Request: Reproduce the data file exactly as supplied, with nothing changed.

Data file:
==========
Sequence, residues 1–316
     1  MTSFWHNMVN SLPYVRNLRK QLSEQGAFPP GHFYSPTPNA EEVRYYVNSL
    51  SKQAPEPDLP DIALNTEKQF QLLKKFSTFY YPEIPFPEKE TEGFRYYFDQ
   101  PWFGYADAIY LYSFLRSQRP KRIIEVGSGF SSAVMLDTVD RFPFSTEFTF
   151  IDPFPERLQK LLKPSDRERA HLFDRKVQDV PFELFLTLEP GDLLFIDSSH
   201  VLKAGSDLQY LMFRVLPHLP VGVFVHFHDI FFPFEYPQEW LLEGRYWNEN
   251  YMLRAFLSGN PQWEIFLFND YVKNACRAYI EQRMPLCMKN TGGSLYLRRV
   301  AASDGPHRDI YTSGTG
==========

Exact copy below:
Sequence, residues 1–316
     1  MTSFWHNMVN SLPYVRNLRK QLSEQGAFPP GHFYSPTPNA EEVRYYVNSL
    51  SKQAPEPDLP DIALNTEKQF QLLKKFSTFY YPEIPFPEKE TEGFRYYFDQ
   101  PWFGYADAIY LYSFLRSQRP KRIIEVGSGF SSAVMLDTVD RFPFSTEFTF
   151  IDPFPERLQK LLKPSDRERA HLFDRKVQDV PFELFLTLEP GDLLFIDSSH
   201  VLKAGSDLQY LMFRVLPHLP VGVFVHFHDI FFPFEYPQEW LLEGRYWNEN
   251  YMLRAFLSGN PQWEIFLFND YVKNACRAYI EQRMPLCMKN TGGSLYLRRV
   301  AASDGPHRDI YTSGTG